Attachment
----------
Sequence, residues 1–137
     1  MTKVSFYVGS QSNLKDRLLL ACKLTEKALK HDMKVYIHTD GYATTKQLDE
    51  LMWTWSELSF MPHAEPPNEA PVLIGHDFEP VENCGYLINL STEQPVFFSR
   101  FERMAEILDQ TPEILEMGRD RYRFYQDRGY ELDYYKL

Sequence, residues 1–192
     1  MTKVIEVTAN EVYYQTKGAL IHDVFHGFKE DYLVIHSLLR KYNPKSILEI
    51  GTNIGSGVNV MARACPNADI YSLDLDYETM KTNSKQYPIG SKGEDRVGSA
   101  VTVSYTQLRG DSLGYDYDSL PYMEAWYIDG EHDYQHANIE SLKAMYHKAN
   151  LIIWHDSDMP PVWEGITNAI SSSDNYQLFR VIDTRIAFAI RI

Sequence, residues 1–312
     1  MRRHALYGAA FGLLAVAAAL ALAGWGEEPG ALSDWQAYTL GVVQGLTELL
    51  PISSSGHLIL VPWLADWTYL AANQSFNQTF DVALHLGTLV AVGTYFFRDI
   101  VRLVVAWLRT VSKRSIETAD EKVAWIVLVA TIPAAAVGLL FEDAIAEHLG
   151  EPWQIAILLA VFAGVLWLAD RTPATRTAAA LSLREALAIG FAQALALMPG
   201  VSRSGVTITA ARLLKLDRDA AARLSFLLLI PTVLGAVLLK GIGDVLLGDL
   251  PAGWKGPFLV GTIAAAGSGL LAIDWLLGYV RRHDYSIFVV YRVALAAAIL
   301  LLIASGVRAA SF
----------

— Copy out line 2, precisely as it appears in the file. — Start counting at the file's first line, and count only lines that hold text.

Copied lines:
     1  MTKVSFYVGS QSNLKDRLLL ACKLTEKALK HDMKVYIHTD GYATTKQLDE